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story.lead_photo.caption A Russian soldier talks on his smartphone in early July during the 2018 World Cup soccer tournament in St. Petersburg.

MOSCOW -- Russian lawmakers voted Tuesday to prohibit the country's troops from using smartphones or recording devices, or posting anything online about their military service, after journalists used soldiers' digital traces to reveal actions the Kremlin wanted to keep secret.

In recent years, pictures, videos and social media posts put online by Russian servicemen contradicted the government's claim that its troops were not fighting in eastern Ukraine and undercut the official line that Russia's role in the Syrian civil war was limited.

The bill's explanatory note specifically mentions Syria, saying that the analysis of Russian actions there revealed that "military servicemen are of special interest to special services of several states, to terrorist and extremist organizations."

"Information, shared by soldiers on the Internet or mass media, is used for informational and psychologic pressure and in separate cases to form a biased assessment of Russia's state policy," said the note, signed by Deputy Defense Minister Nikolai Pankov.

The backing of the Defense Ministry means that the bill, passed Tuesday by the lower house of Russia's Parliament, is all but certain to win approval from the upper house. Troops who violate the ban would face disciplinary measures and could be fired from service.

In 2014, multiple reports, relying on social media accounts of soldiers returned from Ukraine, revealed that Russia used regular troops to aid pro-Moscow separatists. The troops discussed the casualties among their fellow servicemen, which President Vladimir Putin later decreed were secret.

A more sensitive embarrassment came later, after a Malaysia Airlines passenger flight was shot down over Ukraine, and journalists from investigative group Bellingcat used online photos to track the movement into Ukraine of the Russian anti-aircraft missile system that destroyed the plane.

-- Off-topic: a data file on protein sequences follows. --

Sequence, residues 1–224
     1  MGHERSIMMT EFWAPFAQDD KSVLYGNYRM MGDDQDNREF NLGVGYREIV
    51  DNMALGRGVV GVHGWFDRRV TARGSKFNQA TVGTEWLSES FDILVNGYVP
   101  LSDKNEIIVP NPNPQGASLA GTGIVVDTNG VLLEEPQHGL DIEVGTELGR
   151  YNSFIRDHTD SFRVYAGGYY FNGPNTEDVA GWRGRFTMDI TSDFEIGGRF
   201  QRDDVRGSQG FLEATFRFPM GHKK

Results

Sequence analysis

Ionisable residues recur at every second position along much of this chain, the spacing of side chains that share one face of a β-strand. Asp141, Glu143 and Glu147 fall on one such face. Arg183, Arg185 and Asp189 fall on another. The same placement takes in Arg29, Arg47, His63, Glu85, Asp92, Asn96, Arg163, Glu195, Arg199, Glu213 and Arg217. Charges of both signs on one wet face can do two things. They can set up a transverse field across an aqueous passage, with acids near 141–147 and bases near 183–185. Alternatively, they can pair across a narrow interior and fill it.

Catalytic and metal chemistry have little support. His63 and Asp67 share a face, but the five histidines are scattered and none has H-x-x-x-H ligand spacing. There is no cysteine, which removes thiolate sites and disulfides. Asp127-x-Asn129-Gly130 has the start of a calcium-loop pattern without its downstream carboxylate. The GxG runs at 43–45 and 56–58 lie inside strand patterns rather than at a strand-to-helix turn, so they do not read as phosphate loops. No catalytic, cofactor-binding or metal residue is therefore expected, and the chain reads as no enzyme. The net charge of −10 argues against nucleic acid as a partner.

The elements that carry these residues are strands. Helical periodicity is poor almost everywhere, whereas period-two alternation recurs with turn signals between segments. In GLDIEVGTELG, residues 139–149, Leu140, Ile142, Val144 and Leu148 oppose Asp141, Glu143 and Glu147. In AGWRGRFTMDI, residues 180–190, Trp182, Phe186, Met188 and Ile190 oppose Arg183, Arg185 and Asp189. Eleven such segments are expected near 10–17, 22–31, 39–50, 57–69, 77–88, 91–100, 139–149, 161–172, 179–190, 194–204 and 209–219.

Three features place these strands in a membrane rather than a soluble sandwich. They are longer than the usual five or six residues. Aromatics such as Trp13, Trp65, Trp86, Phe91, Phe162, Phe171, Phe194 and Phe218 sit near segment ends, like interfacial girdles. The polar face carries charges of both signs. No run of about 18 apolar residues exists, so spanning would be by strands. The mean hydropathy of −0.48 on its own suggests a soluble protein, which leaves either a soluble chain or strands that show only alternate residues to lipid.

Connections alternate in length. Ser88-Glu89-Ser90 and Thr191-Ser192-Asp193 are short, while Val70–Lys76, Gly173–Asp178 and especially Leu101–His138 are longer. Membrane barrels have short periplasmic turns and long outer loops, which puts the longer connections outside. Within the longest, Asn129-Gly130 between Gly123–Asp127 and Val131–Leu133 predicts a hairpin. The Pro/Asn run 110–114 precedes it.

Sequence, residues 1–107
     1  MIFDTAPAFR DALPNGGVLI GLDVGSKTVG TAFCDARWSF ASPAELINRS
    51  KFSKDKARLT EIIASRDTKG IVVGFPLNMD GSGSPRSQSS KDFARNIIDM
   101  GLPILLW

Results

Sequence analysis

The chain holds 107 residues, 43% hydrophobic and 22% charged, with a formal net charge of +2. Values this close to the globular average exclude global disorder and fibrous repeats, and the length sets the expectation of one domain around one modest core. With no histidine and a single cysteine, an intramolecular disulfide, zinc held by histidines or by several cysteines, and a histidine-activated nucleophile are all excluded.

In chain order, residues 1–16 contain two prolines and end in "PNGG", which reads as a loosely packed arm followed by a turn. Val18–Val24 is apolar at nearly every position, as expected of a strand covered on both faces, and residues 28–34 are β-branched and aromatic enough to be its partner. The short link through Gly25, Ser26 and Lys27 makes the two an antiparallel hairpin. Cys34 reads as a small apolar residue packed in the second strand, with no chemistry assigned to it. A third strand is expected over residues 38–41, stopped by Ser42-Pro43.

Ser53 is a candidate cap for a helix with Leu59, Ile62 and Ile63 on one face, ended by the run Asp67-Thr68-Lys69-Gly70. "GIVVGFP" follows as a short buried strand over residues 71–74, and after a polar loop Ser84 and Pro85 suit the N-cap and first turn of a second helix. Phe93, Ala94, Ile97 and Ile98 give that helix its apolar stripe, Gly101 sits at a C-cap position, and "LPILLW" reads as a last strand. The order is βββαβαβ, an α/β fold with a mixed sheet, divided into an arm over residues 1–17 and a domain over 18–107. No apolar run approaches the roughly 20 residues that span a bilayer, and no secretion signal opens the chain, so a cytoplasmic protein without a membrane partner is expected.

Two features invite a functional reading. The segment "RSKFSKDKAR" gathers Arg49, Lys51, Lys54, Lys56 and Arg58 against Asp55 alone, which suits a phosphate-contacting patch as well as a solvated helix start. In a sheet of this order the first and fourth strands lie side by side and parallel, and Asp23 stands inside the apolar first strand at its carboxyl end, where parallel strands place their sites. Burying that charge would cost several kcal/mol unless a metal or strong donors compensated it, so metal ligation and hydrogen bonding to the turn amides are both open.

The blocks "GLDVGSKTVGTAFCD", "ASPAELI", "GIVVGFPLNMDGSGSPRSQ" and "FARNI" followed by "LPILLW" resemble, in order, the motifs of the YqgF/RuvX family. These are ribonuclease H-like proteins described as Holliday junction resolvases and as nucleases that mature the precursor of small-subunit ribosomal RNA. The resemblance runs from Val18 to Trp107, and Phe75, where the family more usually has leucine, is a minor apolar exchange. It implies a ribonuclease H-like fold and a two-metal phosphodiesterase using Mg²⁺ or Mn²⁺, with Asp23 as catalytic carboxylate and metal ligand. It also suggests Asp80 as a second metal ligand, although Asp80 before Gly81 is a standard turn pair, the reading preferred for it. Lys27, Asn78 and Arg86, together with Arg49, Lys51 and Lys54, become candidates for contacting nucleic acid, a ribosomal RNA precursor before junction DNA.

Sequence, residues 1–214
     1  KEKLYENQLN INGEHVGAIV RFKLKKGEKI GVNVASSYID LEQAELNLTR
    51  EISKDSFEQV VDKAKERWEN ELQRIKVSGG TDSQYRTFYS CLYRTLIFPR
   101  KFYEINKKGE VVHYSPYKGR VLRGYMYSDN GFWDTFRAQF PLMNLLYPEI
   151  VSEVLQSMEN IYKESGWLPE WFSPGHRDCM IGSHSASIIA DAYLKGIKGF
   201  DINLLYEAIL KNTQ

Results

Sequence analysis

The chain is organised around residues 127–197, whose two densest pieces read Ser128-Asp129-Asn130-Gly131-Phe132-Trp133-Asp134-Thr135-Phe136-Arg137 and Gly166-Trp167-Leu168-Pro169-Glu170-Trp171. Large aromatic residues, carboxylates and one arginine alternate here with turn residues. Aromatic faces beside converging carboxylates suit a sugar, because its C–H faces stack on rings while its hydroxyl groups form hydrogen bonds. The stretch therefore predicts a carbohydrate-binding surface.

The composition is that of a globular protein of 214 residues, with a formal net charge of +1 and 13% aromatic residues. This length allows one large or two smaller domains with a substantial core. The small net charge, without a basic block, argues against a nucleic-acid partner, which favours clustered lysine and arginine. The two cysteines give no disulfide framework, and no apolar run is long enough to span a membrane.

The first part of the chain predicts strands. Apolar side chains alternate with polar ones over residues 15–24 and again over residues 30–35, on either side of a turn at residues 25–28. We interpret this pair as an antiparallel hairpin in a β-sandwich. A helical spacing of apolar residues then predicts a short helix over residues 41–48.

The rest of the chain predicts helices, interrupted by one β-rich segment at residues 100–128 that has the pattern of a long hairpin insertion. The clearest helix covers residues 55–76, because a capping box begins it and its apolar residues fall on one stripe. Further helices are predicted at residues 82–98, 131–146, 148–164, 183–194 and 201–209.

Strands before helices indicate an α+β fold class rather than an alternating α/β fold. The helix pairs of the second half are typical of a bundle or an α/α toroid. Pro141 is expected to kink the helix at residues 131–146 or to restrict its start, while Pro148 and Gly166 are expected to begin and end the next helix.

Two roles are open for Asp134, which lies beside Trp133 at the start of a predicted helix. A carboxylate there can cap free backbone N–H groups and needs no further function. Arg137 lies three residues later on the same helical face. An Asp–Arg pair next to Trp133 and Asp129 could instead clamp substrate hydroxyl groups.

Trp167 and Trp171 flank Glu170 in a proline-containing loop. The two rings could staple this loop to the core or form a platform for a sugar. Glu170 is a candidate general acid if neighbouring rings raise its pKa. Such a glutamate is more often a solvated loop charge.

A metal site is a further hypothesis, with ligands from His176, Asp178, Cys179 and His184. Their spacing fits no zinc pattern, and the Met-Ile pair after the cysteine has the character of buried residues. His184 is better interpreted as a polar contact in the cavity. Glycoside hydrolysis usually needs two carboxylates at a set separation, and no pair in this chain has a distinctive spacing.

Russia still denies any involvement in the incident, but a Dutch criminal investigation, using video and photographic evidence, confirmed that the Russian military supplied the missile.

Using social media, Western investigators also revealed that the deployment of Russian troops in Syria in 2015 happened weeks before the official announcement by the Kremlin. Further reports showed that, in contrast to official statements, Russia used troops on the ground there.

Ruslan Leviev, head of the Conflict Intelligence Team, a group that has conducted many investigations into the Kremlin's extensive reach beyond its borders, said that one of the reasons for the new bill is fear of new sanctions against Russia.

"The Russian government believes that many of these investigations were one of the reasons behind the imposition and extension of anti-Russian sanctions," said Leviev, who was also part of the team that claimed to have revealed the real identities of two Russian agents who were accused by British authorities of poisoning a Russian former spy in Salisbury, England, last year.

The Kremlin's urge to hide its international reach might be ill-fated, Leviev said.

"It is impossible to control so many people," some of whom have social media accounts under aliases, he said. "Thanks to the development of digital society, we all leave more and more traces online. It is not difficult to find them."

A Section on 02/20/2019

Print Headline: Bill aims to curb Russian soldiers' online posts

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